Coal emerges as the biggest loser in the long run. Beaten on cost by wind and PV for bulk electricity generation, and batteries and gas for flexibility, the future electricity system will reorganize around cheap renewables—coal gets squeezed out.

—Elena Giannakopoulou, head of energy economics at BNEF

The latest BP Annual Energy Outlook found that in 2017, renewables grew strongly in 2017, with wind and solar leading the way. However, coal consumption was also up, growing for the first time since 2013. Among the related datapoints:

• Coal consumption growth in 2017 was driven largely by India (18 mtoe), with China consumption also up slightly (4 Mtoe) following three successive annual declines during 2014-2016. OECD demand fell for the fourth year in a row (-4 mtoe).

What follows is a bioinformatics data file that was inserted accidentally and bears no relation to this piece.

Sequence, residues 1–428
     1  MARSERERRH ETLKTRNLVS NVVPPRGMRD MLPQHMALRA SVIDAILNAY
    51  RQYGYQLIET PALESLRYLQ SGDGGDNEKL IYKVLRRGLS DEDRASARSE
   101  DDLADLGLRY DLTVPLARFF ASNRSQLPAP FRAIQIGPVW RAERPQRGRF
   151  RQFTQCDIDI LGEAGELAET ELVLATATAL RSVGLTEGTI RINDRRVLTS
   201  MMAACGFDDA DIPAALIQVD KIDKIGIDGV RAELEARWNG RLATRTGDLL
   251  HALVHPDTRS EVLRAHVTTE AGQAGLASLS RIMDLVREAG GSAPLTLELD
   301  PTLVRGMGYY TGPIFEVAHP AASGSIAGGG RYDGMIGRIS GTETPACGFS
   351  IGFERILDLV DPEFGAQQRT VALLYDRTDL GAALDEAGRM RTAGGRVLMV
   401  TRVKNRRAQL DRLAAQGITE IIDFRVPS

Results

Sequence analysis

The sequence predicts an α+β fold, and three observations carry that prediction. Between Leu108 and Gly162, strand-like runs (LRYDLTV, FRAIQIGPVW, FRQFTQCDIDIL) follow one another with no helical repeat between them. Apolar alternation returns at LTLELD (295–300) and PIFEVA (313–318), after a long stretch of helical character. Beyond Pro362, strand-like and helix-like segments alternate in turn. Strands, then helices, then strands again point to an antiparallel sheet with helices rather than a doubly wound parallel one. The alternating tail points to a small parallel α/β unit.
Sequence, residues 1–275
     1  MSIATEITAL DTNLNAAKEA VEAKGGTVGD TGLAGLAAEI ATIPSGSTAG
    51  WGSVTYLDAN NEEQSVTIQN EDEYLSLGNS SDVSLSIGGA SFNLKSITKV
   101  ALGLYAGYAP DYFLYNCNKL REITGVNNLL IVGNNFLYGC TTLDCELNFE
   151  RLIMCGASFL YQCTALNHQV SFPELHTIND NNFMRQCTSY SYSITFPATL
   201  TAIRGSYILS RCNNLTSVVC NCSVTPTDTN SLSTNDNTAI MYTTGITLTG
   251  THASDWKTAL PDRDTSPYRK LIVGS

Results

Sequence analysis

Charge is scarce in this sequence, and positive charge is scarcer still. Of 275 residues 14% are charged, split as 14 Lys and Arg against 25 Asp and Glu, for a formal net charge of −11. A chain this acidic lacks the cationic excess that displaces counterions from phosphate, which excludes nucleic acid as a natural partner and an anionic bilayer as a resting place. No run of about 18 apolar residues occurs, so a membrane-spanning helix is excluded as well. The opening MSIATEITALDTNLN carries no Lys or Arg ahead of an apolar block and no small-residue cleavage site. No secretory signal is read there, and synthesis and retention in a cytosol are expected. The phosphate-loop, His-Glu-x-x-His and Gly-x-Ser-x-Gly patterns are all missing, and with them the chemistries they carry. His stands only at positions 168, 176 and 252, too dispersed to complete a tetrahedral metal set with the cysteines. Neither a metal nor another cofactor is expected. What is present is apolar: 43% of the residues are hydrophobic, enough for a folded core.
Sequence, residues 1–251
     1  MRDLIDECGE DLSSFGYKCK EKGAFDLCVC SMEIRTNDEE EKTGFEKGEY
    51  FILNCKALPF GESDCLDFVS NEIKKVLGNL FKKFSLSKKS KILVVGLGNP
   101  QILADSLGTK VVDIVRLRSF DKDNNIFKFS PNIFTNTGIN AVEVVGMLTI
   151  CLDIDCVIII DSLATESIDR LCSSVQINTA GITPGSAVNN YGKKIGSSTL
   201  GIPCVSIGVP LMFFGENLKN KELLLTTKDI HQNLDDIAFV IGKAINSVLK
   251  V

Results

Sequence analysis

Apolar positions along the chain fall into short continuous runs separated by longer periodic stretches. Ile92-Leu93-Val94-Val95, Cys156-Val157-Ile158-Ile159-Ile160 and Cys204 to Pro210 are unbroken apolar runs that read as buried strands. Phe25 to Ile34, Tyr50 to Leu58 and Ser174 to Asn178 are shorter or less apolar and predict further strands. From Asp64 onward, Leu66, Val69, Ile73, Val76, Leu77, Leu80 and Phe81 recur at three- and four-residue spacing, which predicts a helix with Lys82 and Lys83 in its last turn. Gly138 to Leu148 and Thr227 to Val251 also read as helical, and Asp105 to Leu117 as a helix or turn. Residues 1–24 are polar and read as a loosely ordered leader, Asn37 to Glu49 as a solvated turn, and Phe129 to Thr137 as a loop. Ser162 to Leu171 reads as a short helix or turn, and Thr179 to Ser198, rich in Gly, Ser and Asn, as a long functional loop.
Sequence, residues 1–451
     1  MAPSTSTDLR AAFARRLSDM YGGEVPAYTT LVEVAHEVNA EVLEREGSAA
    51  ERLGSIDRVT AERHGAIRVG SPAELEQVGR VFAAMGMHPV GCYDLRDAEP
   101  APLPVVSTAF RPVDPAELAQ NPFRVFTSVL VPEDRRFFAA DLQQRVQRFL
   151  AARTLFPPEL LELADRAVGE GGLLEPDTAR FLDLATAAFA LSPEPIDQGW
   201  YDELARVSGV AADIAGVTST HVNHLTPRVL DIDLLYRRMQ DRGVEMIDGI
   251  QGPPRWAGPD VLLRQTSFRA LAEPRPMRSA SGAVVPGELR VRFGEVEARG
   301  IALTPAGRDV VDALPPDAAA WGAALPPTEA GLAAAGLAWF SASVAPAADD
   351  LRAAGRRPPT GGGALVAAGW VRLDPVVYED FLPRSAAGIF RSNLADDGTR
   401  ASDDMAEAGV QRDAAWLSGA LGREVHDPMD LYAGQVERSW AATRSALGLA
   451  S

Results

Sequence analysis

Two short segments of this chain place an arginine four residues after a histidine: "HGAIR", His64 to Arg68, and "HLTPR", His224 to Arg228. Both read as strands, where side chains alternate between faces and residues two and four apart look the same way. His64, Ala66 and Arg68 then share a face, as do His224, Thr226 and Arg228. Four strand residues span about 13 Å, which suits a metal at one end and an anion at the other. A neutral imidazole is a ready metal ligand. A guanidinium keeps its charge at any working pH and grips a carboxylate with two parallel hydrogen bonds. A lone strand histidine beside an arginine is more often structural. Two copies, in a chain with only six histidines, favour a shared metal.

• Coal’s share in primary energy in 2017 fell to 27.6%, the lowest since 2004.

• World coal production grew by 105 mtoe or 3.2%, the fastest rate of growth since 2011. Production rose by 56 mtoe in China and 23 mtoe in the US.

BNEF forecasts the role of gas in the generation mix will evolve, with gas-fired power stations increasingly built and used to provide back-up for renewables rather than to produce base-load, or round-the-clock, electricity.